My first batch was ready today and I have already put it to the test: the inside of my microwave. I have 8 and 11 year olds that aren’t careful about putting anything over their spaghetti o’s before nuking. Needless to say the dried sauce was everywhere when I opened it this afternoon, and I thought “my cleaner is ready, oh boy!” The straining process was the most difficult part of the whole deal, but might be the reason I’m the most excited. I got this cleaner all over my hands while squeezing it through a rag and …nothing. I have eczema on my fingers and all cleaners make them itch burn and break out, except this one. I can’t even wear gloves because my sweat irritates them, but I’ve been cleaning like a mad woman the last hour and my hands are fine. It doesn’t smell “nice”, but diluted you barely notice and I even cleaned the mirror in my bathroom. My kids even used it to clean their bathroom and said it worked better than the Mr. Clean we normally use, and it’s easier the breathe. If kids notice and difference it’s a BIG difference! I couldn’t be happier with this stuff.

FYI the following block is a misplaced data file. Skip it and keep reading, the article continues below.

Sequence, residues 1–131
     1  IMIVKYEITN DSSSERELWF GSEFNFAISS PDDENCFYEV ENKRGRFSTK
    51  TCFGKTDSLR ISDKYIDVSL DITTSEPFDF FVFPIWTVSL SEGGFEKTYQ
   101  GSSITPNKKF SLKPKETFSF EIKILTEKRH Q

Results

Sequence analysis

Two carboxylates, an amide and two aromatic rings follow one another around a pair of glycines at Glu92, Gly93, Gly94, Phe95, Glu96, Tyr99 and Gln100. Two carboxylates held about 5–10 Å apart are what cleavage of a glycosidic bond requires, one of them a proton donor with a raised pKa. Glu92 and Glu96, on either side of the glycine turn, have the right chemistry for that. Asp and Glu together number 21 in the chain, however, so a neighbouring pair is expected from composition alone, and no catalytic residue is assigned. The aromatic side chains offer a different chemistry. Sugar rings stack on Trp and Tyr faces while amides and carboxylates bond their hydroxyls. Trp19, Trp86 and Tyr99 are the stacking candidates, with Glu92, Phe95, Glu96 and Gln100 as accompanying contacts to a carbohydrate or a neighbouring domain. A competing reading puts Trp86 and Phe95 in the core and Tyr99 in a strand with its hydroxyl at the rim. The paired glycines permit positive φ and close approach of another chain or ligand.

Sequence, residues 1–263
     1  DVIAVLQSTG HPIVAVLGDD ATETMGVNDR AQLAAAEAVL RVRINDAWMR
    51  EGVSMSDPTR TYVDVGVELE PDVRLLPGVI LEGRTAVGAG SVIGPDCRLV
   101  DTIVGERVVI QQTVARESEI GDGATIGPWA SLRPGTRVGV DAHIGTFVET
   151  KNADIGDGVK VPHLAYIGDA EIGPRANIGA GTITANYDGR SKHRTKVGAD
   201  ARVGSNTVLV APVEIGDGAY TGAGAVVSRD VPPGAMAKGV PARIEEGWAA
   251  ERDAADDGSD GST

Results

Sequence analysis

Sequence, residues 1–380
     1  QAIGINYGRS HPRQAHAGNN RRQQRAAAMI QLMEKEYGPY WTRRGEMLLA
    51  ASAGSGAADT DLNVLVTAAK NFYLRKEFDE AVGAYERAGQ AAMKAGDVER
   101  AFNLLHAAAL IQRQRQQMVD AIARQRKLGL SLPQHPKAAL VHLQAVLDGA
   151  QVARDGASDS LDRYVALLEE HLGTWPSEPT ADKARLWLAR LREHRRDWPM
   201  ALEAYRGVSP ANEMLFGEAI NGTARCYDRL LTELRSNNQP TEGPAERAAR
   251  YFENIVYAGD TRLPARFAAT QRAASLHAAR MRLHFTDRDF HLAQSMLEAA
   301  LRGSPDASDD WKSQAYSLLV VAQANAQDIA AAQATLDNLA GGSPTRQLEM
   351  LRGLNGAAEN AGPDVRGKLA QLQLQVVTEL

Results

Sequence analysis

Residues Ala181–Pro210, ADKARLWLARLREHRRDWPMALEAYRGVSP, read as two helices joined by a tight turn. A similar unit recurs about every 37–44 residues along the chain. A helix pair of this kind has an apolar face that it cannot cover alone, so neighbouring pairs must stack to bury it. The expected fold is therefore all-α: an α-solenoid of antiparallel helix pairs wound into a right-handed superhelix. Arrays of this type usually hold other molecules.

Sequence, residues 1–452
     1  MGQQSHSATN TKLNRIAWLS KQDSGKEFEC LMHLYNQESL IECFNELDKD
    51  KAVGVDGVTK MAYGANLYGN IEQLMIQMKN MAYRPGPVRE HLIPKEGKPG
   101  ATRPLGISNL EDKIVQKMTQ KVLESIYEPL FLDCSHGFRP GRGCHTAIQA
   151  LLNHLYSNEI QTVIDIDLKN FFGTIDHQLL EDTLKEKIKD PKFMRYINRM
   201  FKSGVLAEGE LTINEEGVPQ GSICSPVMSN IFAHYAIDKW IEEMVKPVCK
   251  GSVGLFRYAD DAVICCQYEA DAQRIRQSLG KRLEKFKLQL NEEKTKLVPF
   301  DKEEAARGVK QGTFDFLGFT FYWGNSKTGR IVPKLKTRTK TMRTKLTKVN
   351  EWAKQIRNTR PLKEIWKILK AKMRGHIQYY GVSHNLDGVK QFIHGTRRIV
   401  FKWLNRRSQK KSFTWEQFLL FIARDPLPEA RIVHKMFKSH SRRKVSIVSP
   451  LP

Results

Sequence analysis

22. Dahli says

    I add grapeseed oil to it for surfaces including bathtubs, sinks and toilets. It seems to keep the surface cleaner longer and in the case of bathtubs, showers and toilets seems to continue the cleaning process for a few weeks for those people who can’t seem to scrub hard enough on hard water or soap scum clean the tub as best you can and then after that every time you shower it cleans it a little more. It seems to have effectively knocked out mildew and pink scum.
    It works great for pet stains and best of all if the pets drink it, it won’t make them sick.

      • Dahli says

        For pretty much all basic cleaning using a bucket(this is not spray bottle cleaning but weekly scrubbing)1/8 cup to 1/8 cup plus 4 cups warm water.
        For just spot cleaning the carpet after pets(I have 11 cats)I use 1/4 cup to 8 cups warm water. It also works for lipstick and blood but I did use my grapeseed oil blend on the bathroom carpet the other day with great results. No greasy or sticky residues on carpet, linoleum, counters or mirrors and it doesn’t make the tub slick either. I have even been getting out old nicotine stains.

        • Gwyn says

          So you use 1/8 cup citrus concentrate to 1/8 cup grape seed oil in 4 cups of water for deep cleaning bathroom surfaces and the 1/4 cup citrus with 8 cups water for carpets, linoleum, counters, walls and mirrors? Am I understanding that correctly? Can I assume the latter without the grapeseed oil is what you keep in a spray bottle for general upkeep as well? Sorry if I’m being thick I just needed to make sure I was understanding that correctly. Thanks for the help and ideas.

  23. Sharon says